“Hardworking North Carolinians are sick of inflation and tired of President Biden’s excuses, U.S. Sen. Thom Tillis, R-N.C. said in a statement. “They see the consequences of his failed economic agenda every time they go to the grocery store and fill up their gas tank. The worst inflation in more than 40 years has been fueled by Congressional Democrats and the Biden-Harris administration recklessly spending and wasting trillions over the last 15 months.”
Biden’s visit to the state comes amid historic inflation. Wholesale prices surged to 11.2% in March, the highest level on record. Record high prices of goods and services, including the food supply, are expected to rise even higher in the months to come. Combine that with rising gas prices and possibly six additional interest rate hikes, and state lawmakers saw the comments as “lip service,” with polls showing that only 18% approve of the way he is handling gas prices, 19% for his handling of inflation and 26% of the economy in general.
N.C. House Speaker Tim Moore, R-Cleveland, called Biden’s message “snake oil” in a statement out Thursday, concluding that the president could learn from the way North Carolina’s state legislature is handling the economy.
“In North Carolina, we have taken a different approach, and it’s working,” Moore said. “We cannot spend our way to prosperity. Instead of rising debt, our state has a surplus thanks to responsible spending. Because of this, and despite the hardships caused by bad Biden policies, businesses are flocking to our state, and taxpayers have more money in their pockets. Maybe the president can take a few pointers from North Carolina.”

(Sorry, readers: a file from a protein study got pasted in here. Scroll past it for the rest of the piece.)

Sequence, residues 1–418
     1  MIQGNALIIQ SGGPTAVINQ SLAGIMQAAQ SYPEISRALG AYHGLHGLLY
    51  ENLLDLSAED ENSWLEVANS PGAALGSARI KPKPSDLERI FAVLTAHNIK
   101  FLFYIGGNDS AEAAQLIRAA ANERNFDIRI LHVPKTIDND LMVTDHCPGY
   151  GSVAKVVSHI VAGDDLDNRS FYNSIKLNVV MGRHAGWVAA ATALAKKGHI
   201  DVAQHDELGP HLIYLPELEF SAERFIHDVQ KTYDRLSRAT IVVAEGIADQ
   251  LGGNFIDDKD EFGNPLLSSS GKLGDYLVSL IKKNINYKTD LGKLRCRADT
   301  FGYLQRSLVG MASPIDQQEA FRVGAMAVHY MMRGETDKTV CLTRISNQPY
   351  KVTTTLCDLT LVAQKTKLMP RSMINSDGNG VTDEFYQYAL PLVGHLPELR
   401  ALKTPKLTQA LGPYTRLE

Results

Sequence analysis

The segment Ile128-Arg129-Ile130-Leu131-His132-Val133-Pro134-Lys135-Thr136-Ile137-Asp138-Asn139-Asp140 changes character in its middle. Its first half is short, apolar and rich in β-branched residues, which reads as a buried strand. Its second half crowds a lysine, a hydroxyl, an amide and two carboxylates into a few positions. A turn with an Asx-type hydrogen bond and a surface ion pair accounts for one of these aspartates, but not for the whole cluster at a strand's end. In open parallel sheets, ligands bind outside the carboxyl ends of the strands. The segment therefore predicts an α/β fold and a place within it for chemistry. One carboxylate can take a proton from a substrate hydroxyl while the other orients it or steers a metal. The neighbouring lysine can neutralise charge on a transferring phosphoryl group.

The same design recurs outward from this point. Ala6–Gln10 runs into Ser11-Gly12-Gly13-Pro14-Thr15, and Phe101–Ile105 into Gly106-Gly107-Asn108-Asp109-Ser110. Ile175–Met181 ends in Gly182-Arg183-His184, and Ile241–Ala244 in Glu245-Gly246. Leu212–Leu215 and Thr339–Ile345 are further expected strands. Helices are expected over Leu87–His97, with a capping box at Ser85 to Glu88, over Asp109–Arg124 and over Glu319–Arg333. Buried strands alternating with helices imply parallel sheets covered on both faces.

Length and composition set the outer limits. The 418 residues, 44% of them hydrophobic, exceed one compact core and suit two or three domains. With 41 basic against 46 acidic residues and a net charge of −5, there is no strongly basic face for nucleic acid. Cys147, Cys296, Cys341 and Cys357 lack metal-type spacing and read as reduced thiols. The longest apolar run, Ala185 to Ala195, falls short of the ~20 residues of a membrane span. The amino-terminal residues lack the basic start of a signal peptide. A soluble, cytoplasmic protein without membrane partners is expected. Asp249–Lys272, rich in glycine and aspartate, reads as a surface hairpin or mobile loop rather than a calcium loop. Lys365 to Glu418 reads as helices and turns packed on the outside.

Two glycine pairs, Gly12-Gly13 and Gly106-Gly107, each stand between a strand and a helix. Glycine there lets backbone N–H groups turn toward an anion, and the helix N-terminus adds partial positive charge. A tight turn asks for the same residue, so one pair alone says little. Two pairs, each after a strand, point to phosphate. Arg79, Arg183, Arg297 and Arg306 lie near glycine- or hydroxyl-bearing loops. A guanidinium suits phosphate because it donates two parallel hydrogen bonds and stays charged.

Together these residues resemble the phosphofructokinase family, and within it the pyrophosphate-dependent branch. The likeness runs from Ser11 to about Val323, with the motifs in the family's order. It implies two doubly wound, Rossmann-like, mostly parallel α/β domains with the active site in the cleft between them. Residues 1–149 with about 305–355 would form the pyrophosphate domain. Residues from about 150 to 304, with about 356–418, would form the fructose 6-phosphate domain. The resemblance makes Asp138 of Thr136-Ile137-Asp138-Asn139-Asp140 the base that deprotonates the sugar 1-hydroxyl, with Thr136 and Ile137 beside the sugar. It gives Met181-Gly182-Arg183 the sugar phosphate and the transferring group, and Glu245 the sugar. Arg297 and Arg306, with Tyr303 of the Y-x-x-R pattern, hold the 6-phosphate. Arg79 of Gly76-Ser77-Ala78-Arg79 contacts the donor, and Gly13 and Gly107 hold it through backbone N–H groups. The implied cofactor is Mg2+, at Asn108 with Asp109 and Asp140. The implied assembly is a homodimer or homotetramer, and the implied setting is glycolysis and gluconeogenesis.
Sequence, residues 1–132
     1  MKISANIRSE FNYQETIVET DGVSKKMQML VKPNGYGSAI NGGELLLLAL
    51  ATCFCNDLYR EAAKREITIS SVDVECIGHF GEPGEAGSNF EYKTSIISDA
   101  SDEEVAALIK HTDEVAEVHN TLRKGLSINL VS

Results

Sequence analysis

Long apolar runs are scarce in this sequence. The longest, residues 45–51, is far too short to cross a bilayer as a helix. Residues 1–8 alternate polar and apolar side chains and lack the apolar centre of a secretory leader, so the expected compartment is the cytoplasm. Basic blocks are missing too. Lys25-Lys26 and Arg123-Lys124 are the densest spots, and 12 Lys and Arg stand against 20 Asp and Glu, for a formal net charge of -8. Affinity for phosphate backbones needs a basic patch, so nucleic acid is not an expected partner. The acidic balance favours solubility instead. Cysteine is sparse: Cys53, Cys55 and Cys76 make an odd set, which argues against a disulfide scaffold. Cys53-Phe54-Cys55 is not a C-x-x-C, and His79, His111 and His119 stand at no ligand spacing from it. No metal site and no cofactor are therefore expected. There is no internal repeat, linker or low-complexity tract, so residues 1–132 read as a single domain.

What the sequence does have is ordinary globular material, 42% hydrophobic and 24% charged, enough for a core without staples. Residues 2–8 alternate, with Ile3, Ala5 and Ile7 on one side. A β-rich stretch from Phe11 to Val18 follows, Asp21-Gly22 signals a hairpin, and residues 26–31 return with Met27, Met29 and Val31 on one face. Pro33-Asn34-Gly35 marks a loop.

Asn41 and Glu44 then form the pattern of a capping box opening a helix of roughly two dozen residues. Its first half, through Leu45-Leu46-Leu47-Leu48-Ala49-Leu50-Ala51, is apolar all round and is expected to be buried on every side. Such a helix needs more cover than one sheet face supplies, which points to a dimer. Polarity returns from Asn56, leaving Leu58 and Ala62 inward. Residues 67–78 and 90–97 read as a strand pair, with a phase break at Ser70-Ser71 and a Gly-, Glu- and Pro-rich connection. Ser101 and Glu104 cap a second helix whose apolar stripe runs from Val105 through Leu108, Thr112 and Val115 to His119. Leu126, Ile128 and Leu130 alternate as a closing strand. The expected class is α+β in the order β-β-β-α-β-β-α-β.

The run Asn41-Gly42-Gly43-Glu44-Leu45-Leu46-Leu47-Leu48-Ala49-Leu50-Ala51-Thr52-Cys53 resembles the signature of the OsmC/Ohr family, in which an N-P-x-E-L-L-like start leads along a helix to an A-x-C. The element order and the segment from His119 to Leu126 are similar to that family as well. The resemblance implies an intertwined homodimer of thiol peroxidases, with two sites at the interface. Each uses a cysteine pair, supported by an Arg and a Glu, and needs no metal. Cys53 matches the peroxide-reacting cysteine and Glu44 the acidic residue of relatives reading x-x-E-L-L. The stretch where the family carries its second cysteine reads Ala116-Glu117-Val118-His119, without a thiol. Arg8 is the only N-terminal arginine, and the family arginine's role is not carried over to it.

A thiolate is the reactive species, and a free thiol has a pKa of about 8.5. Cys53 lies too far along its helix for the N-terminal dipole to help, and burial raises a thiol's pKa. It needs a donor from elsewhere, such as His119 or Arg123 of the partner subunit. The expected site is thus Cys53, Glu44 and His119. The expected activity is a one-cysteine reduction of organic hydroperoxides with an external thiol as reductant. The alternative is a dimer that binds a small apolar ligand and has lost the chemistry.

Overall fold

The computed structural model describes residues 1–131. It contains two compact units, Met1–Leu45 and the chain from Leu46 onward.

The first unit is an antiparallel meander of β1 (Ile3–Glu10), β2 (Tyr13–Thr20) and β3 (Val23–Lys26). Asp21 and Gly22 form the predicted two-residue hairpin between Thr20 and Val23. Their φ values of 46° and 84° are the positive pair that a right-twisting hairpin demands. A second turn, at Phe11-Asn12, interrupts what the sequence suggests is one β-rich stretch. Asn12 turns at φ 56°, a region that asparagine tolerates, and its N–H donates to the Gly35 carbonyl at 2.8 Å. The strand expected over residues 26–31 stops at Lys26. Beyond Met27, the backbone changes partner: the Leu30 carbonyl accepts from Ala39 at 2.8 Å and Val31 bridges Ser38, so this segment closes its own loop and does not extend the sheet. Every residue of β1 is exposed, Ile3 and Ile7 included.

Biden is also facing backlash for his handling of the border crisis with Mexico. He said he would eliminate Title 42 effective May 23. That policy was a measure enacted by former President Donald Trump that prohibits migrants coming into the U.S. who have recently been in a country where a communicable disease was present. Border Patrol has reported encountering one million illegal border crossers in the first six months of the current fiscal year, a number that will exceed the more than 1.7 million recorded for the entire previous fiscal year. With the elimination of Title 42, U.S. Border Patrol is bracing for a surge of migrants o nthe southern border, expecting 18,000 encounters a day.
Texas Republican Gov. Greg Abbott made good on a promise of “bringing the border to Biden” this week when a busload of migrants from Texas border towns arrived blocks away from the U.S. Capitol in Washington D.C. Wednesday.
Biden rounded out his Greensboro appearance by talking about the need to increase funding for police so they could have social workers with them when they go out on calls. He also said that thanks to the infrastructure plan that he signed into law last November, 530,000 charging stations are being proposed across the country for electric vehicles, including $16 million for the stations in North Carolina, and $92 million is earmarked to upgrade airports in the state.